(CN) – Florida put unconstitutional limits on community-based voter-registration activities, a federal judge ruled.
The League of Women Voters of Florida and other organizations that conduct voter-registration drives challenged the 2011 statute, claiming that it unconstitutionally burdened their efforts to register voters and prevented thousands of Floridians from registering for the upcoming elections.
They claimed that the law disproportionately harmed minorities, senior citizens, individuals with disabilities, students and other citizens who rely on community-based groups for help with voting registration.
The statute, which took effect on May 19, 2011, required third-party voter registration organizations to deliver completed applications to a voter-registration office within 48 hours of receiving them. The groups also took issue with “cumbersome disclosure requirements” and record-keeping provisions.
Though Florida claimed that the law aimed to combat vote fraud, its provisions would have a big effect on voter turnout in the swing state, which will likely attract the eyes of the nation in the November presidential election.
The groups asked the federal court in Tallahassee to block enforcement of the law, which they accused of overly burdening core political speech and violating the National Voting Rights Act of 1993.
U.S. District Judge Robert Hinkle agreed Thursday that some of the provisions were unconstitutionally vague and would likely conflict with the National Voting Rights Act.
In a 27-page ruling, he rejected the state’s contention that the activities of voter-registration groups do not implicate constitutional rights. In fact, some of the challenged provisions touched on “constitutional rights of special significance,” such as speech and voting, Hinkle said.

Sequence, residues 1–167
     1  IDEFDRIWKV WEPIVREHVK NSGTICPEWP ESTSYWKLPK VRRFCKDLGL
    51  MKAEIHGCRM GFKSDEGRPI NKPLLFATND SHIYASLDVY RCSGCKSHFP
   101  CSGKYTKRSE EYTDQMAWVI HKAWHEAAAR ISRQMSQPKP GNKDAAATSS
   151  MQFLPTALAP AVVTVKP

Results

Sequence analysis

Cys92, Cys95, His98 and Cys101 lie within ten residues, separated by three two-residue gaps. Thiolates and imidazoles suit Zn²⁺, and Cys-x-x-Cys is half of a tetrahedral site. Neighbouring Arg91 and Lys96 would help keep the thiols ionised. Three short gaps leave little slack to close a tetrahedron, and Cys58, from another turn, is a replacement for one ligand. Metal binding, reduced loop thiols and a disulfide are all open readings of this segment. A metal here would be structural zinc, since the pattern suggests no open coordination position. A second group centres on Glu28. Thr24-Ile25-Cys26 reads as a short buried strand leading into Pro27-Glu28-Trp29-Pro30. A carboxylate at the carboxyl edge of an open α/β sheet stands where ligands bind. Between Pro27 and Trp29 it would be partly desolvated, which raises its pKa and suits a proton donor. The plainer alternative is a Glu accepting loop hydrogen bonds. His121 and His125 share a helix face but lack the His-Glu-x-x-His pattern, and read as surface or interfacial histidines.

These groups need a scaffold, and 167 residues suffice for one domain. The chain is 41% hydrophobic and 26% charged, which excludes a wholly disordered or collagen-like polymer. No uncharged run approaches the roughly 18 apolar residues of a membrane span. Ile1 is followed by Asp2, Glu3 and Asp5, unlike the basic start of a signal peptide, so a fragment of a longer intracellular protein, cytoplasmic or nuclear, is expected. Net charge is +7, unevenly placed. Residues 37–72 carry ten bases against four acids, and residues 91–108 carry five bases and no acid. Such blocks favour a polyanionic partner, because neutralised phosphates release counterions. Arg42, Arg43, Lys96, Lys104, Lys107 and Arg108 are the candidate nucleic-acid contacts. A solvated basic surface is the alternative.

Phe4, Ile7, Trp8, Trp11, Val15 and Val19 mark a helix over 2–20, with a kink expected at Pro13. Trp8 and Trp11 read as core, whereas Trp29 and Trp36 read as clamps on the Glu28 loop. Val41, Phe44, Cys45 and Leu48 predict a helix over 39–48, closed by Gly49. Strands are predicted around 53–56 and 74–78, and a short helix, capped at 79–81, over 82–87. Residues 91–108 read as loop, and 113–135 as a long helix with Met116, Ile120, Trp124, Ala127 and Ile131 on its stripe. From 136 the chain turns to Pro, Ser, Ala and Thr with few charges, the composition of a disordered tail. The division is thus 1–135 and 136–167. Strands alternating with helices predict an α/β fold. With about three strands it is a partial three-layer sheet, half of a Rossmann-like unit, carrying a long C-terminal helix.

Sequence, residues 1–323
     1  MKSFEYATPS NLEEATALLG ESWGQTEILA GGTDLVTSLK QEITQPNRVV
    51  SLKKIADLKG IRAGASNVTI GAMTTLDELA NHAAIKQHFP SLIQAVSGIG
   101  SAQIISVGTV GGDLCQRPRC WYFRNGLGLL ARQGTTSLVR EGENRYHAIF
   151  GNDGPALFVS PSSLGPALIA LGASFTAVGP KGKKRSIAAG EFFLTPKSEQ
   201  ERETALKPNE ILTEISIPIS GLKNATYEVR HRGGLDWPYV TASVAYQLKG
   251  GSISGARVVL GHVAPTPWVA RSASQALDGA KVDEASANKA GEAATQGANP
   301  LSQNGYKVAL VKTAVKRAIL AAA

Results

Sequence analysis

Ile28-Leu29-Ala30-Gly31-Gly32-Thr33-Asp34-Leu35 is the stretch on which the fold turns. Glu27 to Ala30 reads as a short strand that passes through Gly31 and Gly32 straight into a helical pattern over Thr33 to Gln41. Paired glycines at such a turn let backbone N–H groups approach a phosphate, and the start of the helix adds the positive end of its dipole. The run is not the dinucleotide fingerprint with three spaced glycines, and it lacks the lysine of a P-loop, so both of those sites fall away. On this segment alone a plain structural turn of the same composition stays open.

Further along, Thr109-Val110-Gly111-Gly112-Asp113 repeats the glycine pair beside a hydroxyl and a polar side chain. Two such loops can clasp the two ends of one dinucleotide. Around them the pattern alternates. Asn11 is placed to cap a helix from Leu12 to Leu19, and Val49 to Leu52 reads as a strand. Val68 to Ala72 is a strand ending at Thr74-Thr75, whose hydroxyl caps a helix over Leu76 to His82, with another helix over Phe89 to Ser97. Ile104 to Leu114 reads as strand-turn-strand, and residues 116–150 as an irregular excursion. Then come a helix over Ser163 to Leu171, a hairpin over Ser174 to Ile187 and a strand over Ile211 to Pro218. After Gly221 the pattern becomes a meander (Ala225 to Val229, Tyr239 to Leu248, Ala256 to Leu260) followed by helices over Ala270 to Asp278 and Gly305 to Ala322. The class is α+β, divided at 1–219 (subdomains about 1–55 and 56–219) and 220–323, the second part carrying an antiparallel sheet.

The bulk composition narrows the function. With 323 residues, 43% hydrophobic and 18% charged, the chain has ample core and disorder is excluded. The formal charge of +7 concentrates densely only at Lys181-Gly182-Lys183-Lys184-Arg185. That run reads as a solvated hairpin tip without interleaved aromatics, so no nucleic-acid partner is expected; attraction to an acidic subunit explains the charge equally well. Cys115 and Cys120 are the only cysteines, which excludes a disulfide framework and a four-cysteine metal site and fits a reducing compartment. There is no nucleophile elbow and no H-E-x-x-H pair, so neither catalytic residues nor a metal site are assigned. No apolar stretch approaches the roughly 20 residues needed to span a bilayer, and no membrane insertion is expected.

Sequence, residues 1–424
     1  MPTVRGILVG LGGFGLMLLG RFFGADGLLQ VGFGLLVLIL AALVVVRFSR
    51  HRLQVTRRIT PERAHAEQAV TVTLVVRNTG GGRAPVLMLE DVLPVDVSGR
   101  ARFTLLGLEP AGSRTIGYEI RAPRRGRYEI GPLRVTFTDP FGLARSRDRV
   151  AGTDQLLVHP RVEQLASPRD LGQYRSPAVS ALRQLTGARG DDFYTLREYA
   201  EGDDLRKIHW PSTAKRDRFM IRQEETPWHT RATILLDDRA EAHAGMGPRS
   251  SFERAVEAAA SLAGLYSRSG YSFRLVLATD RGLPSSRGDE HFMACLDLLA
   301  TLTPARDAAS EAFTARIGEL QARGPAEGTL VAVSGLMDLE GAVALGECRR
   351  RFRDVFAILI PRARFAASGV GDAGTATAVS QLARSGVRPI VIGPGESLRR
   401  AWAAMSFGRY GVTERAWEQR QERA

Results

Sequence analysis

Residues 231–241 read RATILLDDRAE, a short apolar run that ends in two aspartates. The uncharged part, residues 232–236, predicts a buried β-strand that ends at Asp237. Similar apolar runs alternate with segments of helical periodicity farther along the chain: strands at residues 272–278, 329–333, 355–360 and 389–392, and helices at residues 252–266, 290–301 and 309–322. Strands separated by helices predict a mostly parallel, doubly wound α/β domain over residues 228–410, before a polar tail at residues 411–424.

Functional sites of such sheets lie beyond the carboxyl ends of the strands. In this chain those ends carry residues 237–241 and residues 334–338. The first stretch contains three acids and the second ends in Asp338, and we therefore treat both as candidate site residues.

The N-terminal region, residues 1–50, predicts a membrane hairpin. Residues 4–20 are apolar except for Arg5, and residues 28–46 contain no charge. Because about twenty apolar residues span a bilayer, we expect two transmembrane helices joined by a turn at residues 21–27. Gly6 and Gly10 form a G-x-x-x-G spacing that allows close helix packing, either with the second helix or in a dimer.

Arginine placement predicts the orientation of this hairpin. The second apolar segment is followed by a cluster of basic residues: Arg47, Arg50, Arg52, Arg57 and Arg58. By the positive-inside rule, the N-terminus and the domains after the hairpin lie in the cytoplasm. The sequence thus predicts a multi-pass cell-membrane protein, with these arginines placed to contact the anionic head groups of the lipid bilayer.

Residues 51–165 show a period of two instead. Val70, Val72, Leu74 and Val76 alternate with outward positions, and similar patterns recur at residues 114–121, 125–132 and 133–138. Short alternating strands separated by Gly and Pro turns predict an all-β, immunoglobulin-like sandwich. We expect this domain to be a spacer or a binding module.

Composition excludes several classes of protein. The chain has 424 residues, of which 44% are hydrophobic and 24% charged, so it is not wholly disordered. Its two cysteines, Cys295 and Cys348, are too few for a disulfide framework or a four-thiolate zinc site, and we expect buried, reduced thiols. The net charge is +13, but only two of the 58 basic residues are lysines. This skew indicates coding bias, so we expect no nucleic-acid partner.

Although the state has a substantial interest in having voter-registration applications promptly delivered to the appropriate office, the harsh 48-hour deadline placed an unnecessary burden on voter-registration groups and discouraged voter-registration drives.
“The short deadline, coupled with substantial penalties for noncompliance, make voter-registration drives a risky business,” Hinkle wrote. “If the goal is to discourage voter-registration drives and thus also make it harder for new voters to register, the 48-hour deadline may succeed. But if the goal is to further the state’s legitimate interests without unduly burdening the rights of voters and voter-registration organizations, 48 hours is a bad choice.”
Opponents of the law noted that the 48-hour deadline made Friday afternoon registration efforts useless.
The law imposed up to $1,000 in fines in a calendar year for failure to turn in voter-registration applications “within 48 hours after the applicant completes it or the next business day if the appropriate office is closed for that 48-hour period.”
Calling the 48-hour provision “virtually unintelligible,” Hinkle also criticized its “disregard of a voter-registration organization’s interest in mailing in completed voter-registration applications rather than hand delivering them.”
Though a rule crafted to accommodate mailing says that the application need only be postmarked within two days after the voter-registration group receives it, the plaintiffs cannot rely on things beyond their control, such as a clear postmark on each application at the time of delivery, the ruling states.
“The burden that this statute and rule impose on a voter-registration organization’s use of the mails, coupled with the absence of any legitimate state interest on the other side of the balance, probably renders these provisions unconstitutional,” Hinkle added.
Provisions of the law also conflicted with the National Voting Rights Act, which encourages voter-registration drives.
Hinkle balked at a provision that requires voter-registration groups to provide identifying information for all their employees, including volunteers who hand out flyers, but do not collect or handle applications.
He also said it was likely unconstitutional for the state to require employees and volunteers who collect voter registrations to sign a sworn statement acknowledging they could be imprisoned for up to five years for sending in applications containing false information, even if they don’t know the information is false.
Whereas the injunction will not harm the state, “the plaintiffs will suffer irreparable harm if an injunction is not issued, first because the denial of a right of this magnitude under circumstances like these almost always inflicts irreparable harm, and second because when a plaintiff loses an opportunity to register a voter, the opportunity is gone forever,” the decision states.
Hinkle barred enforcement of several sections of the law, but allowed other provisions to stand, such as rules requiring voter-registration organizations to include identification numbers on the back of each application and to submit information electronically.